Within a few days, I emailed her, and we were able to talk on the phone a day later. She shared her story with me, outlined the challenges she faced, and provided advice for my next steps.
“Get a Keurig, ” she told me. I almost told her that I was a tea drinker, but I was intrigued by her specific recommendation. I asked her why she suggested a Keurig. Then she explained that people could serve themselves when they visited me. I wouldn’t have to worry about serving them.
Something about her recommendation sat with me in a funny way. I couldn’t put my finger on why. Then it occurred to me how much she had thought about serving other people when she had been the one in dire need during her recovery.
When I look at my life, I think it aesthetically looks pleasing. I’ve grown a robust network of kind and amazing friends and other loved ones. I have a job I like. My basic needs like food, shelter, and water are fulfilled. That is more than what I’ve had in the past. That is more than what others have. Like the picture of the sunrise and trees below, life has been a blur, but I’ve been doing my best to still appreciate what’s beautiful.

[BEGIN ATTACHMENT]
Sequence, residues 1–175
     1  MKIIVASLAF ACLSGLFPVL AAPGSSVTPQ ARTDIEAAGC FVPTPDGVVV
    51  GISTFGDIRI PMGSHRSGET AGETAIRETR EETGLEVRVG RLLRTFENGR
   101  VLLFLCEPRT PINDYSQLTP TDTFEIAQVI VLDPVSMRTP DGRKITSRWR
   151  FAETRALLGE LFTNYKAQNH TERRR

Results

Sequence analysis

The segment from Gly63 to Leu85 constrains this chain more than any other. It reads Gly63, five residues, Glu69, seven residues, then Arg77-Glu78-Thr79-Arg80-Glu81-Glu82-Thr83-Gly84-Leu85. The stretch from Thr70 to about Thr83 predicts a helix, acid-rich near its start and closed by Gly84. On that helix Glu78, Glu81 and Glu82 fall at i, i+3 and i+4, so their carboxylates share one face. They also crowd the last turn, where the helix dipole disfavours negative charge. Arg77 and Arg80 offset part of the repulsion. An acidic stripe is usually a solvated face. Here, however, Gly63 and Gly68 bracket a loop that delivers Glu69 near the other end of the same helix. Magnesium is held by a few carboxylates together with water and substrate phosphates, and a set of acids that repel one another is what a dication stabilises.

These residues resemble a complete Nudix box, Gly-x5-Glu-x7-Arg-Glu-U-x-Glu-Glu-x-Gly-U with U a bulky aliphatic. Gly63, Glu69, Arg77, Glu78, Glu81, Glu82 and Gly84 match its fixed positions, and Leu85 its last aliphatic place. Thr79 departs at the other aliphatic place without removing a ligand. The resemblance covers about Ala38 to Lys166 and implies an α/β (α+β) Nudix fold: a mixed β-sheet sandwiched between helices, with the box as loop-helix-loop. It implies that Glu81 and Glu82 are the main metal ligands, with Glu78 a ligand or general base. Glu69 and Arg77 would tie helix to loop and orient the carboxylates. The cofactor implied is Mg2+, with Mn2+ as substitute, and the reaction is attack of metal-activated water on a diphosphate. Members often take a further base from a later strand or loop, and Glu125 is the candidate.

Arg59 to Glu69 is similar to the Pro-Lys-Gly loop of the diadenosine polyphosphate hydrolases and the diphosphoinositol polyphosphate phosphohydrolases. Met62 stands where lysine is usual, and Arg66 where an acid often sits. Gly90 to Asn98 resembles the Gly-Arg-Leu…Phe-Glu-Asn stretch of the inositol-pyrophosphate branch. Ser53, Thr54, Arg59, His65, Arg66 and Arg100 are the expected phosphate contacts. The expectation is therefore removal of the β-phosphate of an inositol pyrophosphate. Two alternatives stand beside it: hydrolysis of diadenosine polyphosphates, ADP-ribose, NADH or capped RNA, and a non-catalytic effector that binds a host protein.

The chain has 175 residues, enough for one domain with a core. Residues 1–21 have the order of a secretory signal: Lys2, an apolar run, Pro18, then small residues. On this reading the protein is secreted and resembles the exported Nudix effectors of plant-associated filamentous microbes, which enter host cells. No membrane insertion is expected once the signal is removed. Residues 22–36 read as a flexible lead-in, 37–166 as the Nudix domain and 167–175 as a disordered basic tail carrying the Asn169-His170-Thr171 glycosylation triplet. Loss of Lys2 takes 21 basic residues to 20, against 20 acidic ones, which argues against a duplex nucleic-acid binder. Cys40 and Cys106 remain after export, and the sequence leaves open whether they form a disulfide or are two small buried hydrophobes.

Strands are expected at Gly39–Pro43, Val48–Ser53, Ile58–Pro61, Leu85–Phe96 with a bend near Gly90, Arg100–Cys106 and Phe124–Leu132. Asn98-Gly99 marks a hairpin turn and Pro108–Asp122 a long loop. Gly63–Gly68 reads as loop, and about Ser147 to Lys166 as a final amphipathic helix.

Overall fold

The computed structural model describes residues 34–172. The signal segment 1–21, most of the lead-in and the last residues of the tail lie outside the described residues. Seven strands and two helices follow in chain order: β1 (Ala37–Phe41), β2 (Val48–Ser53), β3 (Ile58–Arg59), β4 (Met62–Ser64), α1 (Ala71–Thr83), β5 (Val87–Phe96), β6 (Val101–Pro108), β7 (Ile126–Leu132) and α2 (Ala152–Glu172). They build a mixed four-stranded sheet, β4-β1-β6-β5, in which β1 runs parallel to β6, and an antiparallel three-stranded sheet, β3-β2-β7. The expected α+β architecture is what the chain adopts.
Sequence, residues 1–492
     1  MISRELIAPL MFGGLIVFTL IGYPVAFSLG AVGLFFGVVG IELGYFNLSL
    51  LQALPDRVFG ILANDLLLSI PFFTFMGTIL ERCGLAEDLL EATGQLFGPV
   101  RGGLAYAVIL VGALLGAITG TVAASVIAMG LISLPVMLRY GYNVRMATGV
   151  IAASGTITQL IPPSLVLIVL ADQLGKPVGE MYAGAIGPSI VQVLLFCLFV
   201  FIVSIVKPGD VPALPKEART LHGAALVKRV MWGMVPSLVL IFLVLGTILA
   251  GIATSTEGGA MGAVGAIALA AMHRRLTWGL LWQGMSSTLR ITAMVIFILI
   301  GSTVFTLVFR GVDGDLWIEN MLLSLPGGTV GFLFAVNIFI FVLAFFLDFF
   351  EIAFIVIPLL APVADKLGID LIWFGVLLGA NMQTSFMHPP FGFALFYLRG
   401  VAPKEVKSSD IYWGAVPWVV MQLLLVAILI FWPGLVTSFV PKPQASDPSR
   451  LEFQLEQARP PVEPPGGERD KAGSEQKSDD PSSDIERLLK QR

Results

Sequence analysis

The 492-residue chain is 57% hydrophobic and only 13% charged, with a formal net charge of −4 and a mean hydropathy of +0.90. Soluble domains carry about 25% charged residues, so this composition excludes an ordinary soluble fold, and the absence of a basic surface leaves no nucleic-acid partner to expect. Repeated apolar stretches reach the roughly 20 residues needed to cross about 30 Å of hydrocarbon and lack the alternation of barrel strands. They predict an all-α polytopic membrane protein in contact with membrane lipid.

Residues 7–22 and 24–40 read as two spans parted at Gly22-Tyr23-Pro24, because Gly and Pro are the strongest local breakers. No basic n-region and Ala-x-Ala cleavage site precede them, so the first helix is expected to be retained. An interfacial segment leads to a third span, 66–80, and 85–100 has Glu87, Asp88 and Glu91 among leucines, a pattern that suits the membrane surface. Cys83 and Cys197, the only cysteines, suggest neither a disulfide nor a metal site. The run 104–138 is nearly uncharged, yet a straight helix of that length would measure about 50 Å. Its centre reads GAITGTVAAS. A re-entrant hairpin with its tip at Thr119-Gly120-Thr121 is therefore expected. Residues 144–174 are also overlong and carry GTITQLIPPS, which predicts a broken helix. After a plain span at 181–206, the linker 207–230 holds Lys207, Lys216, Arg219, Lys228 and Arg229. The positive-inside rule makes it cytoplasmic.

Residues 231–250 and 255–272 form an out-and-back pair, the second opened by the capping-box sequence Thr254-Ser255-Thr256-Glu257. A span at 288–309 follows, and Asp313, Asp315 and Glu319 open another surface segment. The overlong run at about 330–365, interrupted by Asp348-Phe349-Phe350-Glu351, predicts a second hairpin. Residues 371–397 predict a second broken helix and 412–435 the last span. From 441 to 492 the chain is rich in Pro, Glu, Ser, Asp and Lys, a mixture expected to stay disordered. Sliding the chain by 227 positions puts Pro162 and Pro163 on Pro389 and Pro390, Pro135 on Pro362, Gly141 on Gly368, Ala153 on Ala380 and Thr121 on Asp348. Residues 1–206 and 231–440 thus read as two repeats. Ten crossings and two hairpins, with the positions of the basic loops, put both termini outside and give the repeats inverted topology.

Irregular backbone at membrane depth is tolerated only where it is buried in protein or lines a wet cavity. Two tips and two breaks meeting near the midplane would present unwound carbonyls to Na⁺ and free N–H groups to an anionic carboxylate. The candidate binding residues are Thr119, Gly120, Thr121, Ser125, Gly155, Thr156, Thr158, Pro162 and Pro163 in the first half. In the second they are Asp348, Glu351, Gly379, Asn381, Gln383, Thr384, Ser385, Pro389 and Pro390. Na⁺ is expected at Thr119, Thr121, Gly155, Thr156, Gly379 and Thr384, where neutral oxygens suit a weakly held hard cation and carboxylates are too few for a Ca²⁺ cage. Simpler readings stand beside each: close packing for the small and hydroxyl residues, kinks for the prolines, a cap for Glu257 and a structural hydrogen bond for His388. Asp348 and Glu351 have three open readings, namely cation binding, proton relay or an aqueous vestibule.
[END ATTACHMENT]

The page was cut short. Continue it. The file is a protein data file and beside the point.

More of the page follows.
Since I was diagnosed with breast cancer, I’ve had all types of flashbacks of my life, including challenges, accomplishments, goals, milestones, and a wide range of experiences from the beautiful to the ugly. If I was able to tackle all of those things, why should breast cancer be any different?
In conversations with different people, I have received advice to distract myself. I feel ambivalent about that tip.
I’ve been giving friends life advice since junior high. In eighth grade, one even told me that I was like her therapist.
“Her therapist?!” my sister exclaimed she found out what my friend had said. Yup, her therapist. While it was kind of a weird compliment, I was flattered to know she trusted me with her family problems.